Government-funded Internet infrastructure called a bad idea

by WorldTribune Staff, April 30, 2017

Wake Forest, North Carolina is just one of many American towns considering broadband options for its residents.

In 2007, Cornelius, Davidson and Mooresville, North Carolina spent $92.5 million to purchase and upgrade a bankrupt cable television system and turn it into MI-Connection, a government-owned internet, cable TV and telephone company.

“Taxpayers were soon on the hook for $6 million annually and an outstanding debt of $60 million in bond payments on the initial purchase of the network,” according to David Williams of the Taxpayers Protection Alliance (TPA).

“Totaling less than 15,000 subscribers, MI-Connection has cost taxpayers millions and continues to receive warning letters from state officials about its financial condition and outlook,” Williams told Watchdog.org.

The TPA cited several instances where taxpayers were left holding the bag for government broadband schemes:

  • Residents in Provo, Utah spent $77 million building and funding operational losses associated with iProvo. The government network hemorrhaged so much money city leaders sold it for $1 so taxpayers wouldn’t have to spend millions more on additional bailouts.
  • In Sun Prairie, Wisconsin, a taxpayer-funded Internet service has just 200 customers – but is more than $9.3 million in debt.
  • A fiber-optic Internet and cable television network in Tacoma, Washington that cost $100 million in public funds to build now loses about $9 million annually thanks to plummeting customer numbers. Local residents are forced to bankroll the failing service year after year.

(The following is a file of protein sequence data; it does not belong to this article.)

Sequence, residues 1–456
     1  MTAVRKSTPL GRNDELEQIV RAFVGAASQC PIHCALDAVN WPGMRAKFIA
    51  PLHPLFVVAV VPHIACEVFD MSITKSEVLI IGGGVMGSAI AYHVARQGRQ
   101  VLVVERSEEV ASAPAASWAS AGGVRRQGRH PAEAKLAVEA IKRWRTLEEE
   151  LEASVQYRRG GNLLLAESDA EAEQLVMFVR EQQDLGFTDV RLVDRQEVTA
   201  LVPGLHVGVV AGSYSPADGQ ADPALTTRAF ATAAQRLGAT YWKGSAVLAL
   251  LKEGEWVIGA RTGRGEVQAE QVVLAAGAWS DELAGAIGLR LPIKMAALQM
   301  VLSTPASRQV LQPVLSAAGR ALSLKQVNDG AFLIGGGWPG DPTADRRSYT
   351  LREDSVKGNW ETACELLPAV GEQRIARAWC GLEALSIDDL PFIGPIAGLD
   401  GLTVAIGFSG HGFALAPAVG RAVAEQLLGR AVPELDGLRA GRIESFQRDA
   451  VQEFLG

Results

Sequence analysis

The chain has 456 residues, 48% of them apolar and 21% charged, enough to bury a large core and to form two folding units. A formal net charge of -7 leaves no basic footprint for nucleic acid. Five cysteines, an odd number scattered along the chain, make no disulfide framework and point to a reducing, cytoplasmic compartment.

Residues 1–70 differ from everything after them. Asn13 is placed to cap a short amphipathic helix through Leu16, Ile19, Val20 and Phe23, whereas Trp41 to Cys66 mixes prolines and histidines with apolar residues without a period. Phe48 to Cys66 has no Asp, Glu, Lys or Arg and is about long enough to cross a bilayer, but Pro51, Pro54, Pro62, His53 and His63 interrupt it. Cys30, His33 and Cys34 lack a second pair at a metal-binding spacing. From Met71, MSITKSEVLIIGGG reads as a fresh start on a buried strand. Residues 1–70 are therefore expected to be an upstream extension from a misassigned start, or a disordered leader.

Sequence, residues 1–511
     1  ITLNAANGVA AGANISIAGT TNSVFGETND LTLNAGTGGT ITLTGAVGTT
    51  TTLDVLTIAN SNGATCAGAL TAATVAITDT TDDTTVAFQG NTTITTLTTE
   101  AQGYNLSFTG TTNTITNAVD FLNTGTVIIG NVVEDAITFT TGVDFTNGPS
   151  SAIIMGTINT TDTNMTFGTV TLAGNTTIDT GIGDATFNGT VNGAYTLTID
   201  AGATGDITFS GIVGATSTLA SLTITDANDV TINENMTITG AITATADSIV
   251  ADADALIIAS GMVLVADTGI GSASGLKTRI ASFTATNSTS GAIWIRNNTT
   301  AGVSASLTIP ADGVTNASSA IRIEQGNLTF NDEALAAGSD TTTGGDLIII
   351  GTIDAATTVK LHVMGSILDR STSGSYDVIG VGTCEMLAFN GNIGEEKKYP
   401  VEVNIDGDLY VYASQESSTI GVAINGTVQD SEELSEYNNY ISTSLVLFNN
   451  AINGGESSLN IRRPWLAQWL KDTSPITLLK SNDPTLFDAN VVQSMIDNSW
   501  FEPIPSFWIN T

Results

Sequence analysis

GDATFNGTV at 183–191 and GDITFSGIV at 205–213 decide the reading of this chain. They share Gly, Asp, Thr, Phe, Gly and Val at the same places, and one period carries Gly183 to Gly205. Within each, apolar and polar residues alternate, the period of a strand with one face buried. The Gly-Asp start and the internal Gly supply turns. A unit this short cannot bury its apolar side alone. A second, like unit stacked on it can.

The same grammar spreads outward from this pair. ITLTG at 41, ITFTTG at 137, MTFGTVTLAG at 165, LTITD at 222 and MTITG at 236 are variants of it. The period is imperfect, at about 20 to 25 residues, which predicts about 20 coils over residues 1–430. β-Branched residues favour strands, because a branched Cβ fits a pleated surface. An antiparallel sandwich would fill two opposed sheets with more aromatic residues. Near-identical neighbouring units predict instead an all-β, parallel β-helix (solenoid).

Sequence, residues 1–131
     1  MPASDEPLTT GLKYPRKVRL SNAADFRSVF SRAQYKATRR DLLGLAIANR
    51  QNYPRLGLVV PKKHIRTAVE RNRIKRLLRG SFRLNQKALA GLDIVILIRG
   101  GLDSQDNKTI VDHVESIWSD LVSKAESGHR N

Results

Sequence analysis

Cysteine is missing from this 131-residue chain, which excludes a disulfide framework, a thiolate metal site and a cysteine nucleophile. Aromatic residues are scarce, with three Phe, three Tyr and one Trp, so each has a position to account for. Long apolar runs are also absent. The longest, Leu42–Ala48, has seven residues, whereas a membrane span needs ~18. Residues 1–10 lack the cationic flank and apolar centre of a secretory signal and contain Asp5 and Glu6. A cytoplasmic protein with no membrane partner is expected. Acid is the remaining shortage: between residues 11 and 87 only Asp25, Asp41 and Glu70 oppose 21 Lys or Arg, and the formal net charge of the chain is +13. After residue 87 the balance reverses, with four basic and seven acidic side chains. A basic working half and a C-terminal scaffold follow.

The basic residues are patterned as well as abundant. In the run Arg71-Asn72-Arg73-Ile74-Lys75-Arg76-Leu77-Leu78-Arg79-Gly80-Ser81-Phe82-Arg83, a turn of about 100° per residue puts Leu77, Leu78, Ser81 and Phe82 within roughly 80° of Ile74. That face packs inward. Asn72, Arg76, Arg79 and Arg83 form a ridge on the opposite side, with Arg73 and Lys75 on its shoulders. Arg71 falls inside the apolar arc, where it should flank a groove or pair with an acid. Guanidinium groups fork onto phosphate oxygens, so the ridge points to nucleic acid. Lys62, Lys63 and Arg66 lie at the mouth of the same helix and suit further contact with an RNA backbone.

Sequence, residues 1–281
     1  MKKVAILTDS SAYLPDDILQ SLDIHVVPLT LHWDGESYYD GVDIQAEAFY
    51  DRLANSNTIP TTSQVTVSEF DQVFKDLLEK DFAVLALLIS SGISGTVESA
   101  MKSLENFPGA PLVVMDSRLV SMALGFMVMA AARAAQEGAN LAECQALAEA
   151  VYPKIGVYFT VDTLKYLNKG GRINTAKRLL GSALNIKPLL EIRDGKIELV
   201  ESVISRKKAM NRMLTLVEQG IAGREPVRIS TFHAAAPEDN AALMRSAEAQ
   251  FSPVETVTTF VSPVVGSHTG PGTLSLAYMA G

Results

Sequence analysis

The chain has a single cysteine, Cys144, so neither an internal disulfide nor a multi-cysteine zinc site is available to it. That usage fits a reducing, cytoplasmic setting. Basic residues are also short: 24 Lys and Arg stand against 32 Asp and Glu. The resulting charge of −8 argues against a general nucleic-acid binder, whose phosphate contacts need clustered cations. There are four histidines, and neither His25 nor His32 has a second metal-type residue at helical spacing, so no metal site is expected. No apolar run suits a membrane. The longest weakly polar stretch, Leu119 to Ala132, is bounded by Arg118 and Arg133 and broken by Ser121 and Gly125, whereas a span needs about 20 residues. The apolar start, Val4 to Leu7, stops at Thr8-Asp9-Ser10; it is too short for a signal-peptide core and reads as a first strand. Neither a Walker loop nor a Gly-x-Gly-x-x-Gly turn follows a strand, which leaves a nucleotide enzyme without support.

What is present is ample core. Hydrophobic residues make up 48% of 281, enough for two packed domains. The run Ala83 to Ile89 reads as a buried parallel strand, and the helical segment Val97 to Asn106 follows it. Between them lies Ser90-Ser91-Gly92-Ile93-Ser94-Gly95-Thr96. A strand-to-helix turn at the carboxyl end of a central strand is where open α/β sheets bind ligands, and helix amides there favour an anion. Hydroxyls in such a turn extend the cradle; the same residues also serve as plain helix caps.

• The Chattanooga, Tennessee government Internet, cable and telephone service charges such exorbitant prices for its gigabit service that business owners who can utilize gig-speed broadband can’t afford it. In addition to shaking down federal taxpayers for more than $110 million in construction costs, Chattanooga’s Electric Power Board (EPB) borrowed more than $28 million from Chattanooga’s electric customers to fund marketing expenses. Despite all these costs to the public, EPB’s high-speed government Internet service never lived up to promises that it would spur business development and revolutionize Chattanooga’s economy. Now other cities in the region have faster and cheaper private Internet service and are beginning to leave Chattanooga in the dust.

“When federal, state and local lawmakers get too involved in this arena – sometimes going as far as to get in the Internet business and sell services directly to consumers – taxpayers always lose, Drew Johnson, national director for Protect Internet Freedom, wrote in an opinion piece for The Hill.

“If lawmakers want to help more Americans gain access to lightning fast broadband Internet service, they should create a welcoming environment for Internet providers by reducing tax and regulatory burdens, and then get the heck out of the way.”

Taxpayer-funded Internet projects “are a waste of money that will threaten the financial well-being of state and local governments,” Williams told Watchdog.org.

 

 

 

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